I’m a doer by nature. I make bread and cake and babies. I work, I clean things, I push hard. I often see myself on a journey for the dimmer switch in my life, trying to find the balance between the side of me that approaches life with the energy and productivity of a coked up CEO, and the part of me that crashes like a junkie because of all that movement. As much as I crave stillness and quiet in my days, they rarely stay overnight.

Reflecting on this past year, there was no real time for stillness anyway — there were too many new things happening. We moved cross-country, built a new house, opened a new practice, re-planted five kids in new schools; we made new friends and established new routines. There was no shortage of doing to be done. And when is there really?

Almost exactly a year ago, at the same time that all this newness was surfacing in my personal life, we discovered that my best friend, who we moved here to be closer to, had cancer.

In her pancreas.

I still remember the burn in my ears when she told me the results of the biopsy. I can actually still feel it.

“It’s called adenocarcinoma.“

“It sounds like a Latin dance.”

“It’s cancer. The Patrick Swayze kind.”

It was like a slow-motion movie moment. I remember sitting down on my bed, as if someone had just said to me, “You should really sit down and brace yourself.” This was a new that trumped all news. Life and death in a vicious and carnal pasodoble right at our front door.

The news was terrifying, an unforgiving fluorescent spotlight on our youth and our innocence… my dimmer switch would wait.

I was with Leah almost every day. And when I wasn’t physically with her, I was still there. I was always there. We traipsed through medical mazes, talked about fear and faith. We talked about food, ate a lot of food and listened to good music. There were surgeries, post-ops, chemo-runs, CTs, babysitting, phone calling, meal cooking, house cleaning, fact finding. There was a constant rush of kindness, support, mercy and humor… but stillness, not so much.

Now, a year after her diagnosis and a month and half after her death, the stillness has got a vice grip on me, with no apparent signs of let-up. In the place of dozens of daily urgent phone calls and texts there is now “airplane mode ON.”

In the wake of her death, I feel the stillness pushing down on me like barbells on my chest. Sometimes it’s so heavy that it forces me into a supine position, and simple functions like lifting my arms or washing a cup require great effort. Last year I couldn’t stand the quiet spaces, couldn’t bare to be still for too long. I was afraid to feel too much lest I tango with emotions so full of fire they would surely have burned my inner bulb.

Now, all that has changed. I can sit for hours and just think. I pick ideas apart, flirt with old memories; laugh at random moments. I feel sadness and loss and pain. I cry easy and often. I feel disbelief – a sort of perpetual WTF? – loiter in my mind. I think about the hope we had, the plans we made, the faith, the will and the drive that we possessed. I remember how tangible all that was – and I marvel at how much life we lived in just one year.

Last year, for function’s sake, I folded up my own doubts and fears like origami. It wasn’t so much a choice as it was a necessity. It’s not that I was unfeeling, or out of touch, just very aware that I needed to be strong in order to be the support person I needed and wanted to be. Movement of body and of mind kept me buoyed and I figured the day would come when I would unfold all those stories, all those moments – iron them out and see them again.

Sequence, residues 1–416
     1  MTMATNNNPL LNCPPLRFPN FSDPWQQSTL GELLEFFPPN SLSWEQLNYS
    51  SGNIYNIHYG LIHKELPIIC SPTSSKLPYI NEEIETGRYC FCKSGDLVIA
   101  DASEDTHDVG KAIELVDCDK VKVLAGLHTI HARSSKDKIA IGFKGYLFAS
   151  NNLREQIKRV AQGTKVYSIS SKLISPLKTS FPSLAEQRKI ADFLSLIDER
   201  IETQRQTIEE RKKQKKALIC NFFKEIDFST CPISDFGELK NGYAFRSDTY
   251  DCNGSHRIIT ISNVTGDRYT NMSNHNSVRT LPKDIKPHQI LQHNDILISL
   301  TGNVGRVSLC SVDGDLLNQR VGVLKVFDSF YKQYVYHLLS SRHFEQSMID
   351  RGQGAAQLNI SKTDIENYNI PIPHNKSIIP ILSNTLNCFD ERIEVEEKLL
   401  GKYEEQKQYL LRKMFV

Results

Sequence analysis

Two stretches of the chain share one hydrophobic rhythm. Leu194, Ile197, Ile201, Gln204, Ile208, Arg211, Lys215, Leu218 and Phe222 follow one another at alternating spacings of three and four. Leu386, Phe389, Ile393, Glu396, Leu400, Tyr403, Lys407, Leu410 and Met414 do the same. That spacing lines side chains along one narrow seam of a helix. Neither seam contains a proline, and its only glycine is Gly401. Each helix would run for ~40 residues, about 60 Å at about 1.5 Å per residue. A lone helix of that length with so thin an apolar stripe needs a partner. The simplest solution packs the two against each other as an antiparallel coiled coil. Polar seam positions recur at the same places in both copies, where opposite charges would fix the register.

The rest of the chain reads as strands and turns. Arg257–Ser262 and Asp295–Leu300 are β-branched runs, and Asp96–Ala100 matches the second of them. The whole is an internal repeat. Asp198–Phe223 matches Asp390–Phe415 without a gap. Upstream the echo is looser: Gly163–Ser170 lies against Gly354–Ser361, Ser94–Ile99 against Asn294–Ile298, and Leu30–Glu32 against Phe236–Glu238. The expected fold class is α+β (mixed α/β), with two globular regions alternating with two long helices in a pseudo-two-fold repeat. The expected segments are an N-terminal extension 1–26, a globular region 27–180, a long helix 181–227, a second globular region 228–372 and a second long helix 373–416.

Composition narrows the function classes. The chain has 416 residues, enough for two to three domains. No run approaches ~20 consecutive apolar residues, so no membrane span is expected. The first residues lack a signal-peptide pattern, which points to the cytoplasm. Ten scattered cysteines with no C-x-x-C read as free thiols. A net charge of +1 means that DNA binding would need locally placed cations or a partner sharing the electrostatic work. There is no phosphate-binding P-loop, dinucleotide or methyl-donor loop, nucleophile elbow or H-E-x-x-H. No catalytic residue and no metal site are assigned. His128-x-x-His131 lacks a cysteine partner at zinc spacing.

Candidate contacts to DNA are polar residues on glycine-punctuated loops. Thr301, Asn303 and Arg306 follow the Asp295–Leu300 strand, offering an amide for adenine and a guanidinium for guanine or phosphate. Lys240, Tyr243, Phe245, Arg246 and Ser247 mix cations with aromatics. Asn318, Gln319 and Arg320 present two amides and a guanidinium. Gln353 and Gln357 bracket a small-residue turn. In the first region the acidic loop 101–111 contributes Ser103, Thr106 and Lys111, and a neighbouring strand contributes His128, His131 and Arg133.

Hey, guys.

Blessedly, I’m not sad all the time. I get stuff done. Everyone in my house gets fed (eventually), the house gets cleaned (eventually); we play, and smile, and joke. But I certainly keep a different pace. Waaaaaay slower than I ever have. It’s as if my inner light is turned to its lowest setting – I’m not exactly in a dark place, just a very specific and dim hue. It’s in this light, this place of slowness and stillness – this place of grieving – that allows me time to think and begin to digest this massive, massive thing that happened here this past year. I believe the experts call this “processing.”

There are definitely times that this process drives me to the back alleys of my mind, where I pick fights with the local hoodlums that frequent my head — fear, doubt and anger, mostly. Other times, I soar in picture-perfect moments, and I see sunsets, and angels, and heaven. Sometimes I feel her next to me and am absolutely certain that I know what she would say if she was there. Grief can paint some pretty vivid pictures.

Like last year, around Rosh Hashanah time, when I addressed the notion of the Book of Life, it became so very real to me. Thank G-d for a tradition rich with symbolism. It helps. I saw earmarked pages, highlighted passages, well-worn binding, and I smelled book smell. The pursuit of life in that Book took on epic meaning – as I suppose it’s intended to.

I remember praying with the force of a she-wolf protecting her kin. My ears were perked, my eyes sharp and keen – I was snarling, foaming, growling for life, for her, for me, for us, for everyone. The stillness that is in me now doesn’t afford that kind of energy. Instead I find myself panting quietly on the warm pavement, tuckered out from the effort of last year.

This year, when Rosh Hashanah rolls around, I’ll connect and I’ll beseech, but it will be from a quieter place, a lower flame, with a wounded and humbled heart.

I remember hearing that the blows of the shofar are each little broken pieces of the same heart, that together all those broken sounds find peace and wholeness with each other.

New year, this is how I come to you.

The opinions, facts and any media content here are presented solely by the author, and The Times of Israel assumes no responsibility for them. In case of abuse, report this post.